Many Holiness preachers naturally disdained such a rule and refused to comply.  The camp meeting became an attractive alternative for such Holiness preachers.  

Some of the camp grounds of the era, especially those of a Holiness persuasion, acquired an air of permanency.  The “tents” became more elaborate.  Water and electrical systems were installed, and families created traditions of using the meetings as family reunion opportunities.  

A whole genre of camp meeting literature arose.  The most common theme was that of the scoffer who came to mock and was converted.  Another theme was the scoffer who met a tragic end on his way home. 

The camp grounds of the latter era were usually run by a membership association.  The association, rather than the church, ran the whole show.  They hired the evangelist, provided security, arranged the program, contracted with third party vendors for concessions, etc.  The Chappell Hill-Bellville Camp Ground even had a hotel and shuttle service from nearby railroad stops.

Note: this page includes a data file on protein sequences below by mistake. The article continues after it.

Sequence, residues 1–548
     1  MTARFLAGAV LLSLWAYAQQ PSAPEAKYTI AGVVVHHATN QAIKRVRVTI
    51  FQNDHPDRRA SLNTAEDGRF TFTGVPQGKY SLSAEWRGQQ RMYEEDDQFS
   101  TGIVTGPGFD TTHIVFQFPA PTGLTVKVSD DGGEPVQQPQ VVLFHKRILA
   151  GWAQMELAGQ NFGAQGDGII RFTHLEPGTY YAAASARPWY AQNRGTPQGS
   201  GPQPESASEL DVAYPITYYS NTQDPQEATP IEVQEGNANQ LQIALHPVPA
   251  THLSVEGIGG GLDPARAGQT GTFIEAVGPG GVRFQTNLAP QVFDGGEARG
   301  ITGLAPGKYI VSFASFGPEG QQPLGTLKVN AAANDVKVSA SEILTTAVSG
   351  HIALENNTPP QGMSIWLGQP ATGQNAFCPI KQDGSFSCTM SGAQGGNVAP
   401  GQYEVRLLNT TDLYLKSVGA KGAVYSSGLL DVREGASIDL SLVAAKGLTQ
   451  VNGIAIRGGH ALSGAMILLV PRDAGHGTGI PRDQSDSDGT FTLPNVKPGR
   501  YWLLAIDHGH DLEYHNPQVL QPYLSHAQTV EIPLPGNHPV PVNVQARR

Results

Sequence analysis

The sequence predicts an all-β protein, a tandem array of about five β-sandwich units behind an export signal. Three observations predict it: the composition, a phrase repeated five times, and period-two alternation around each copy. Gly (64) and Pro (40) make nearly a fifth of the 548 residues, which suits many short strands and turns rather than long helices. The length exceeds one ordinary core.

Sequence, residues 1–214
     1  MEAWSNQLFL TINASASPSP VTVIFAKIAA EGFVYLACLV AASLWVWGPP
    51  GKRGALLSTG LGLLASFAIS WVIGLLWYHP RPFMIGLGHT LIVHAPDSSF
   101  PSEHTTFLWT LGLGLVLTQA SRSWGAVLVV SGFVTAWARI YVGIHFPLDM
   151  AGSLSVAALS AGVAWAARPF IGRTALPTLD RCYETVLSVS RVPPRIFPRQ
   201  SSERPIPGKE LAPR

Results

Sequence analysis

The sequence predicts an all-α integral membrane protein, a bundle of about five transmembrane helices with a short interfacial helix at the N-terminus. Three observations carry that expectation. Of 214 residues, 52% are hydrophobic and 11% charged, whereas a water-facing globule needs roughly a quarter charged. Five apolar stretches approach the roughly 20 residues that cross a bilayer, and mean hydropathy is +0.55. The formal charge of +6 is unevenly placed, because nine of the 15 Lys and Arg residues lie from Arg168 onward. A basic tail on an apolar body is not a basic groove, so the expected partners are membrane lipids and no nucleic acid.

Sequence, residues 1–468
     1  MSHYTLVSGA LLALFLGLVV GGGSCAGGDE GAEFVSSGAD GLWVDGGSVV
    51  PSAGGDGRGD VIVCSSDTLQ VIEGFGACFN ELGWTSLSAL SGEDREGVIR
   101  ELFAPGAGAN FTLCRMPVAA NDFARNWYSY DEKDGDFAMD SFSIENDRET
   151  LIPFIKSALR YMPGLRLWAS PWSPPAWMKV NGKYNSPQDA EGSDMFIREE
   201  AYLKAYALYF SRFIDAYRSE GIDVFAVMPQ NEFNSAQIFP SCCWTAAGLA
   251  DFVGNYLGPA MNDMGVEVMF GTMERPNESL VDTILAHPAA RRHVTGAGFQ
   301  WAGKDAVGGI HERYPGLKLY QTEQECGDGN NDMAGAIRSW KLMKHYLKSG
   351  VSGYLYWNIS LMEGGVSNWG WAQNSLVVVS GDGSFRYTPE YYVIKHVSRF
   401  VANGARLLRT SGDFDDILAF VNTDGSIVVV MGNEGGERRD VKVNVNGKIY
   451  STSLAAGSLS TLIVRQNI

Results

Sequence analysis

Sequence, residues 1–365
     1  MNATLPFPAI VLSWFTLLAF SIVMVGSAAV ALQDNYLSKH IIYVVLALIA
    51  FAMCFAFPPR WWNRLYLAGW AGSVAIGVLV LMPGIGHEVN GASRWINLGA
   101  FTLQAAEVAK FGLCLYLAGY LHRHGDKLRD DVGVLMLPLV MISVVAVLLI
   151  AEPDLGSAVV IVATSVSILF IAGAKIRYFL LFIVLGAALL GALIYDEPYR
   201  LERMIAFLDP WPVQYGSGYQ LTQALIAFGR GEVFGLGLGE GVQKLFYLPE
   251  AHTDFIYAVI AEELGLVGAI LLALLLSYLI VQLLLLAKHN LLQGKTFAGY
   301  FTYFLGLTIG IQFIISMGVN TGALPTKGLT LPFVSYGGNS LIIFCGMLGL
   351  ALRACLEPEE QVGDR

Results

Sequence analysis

The associations drew up codes of conduct and appointed security patrols to enforce them.  The crowds of attendees attracted all sorts of people, including bootleggers.  One of the most common prohibitions was that against lemonade, presumably because it could be spiked with alcohol.  

Just as the protracted meeting was “tamed” so also was the camp meeting.  Instead of fire and brimstone preaching all day and night, the camp meetings began to offer a softer side of religion---Bible study, men’s and women’s special meetings, watermelon parties, and so on. 
The camp meeting tradition faded but did not die completely.  There are still camp meeting sites and associations in Texas.   (to be continued)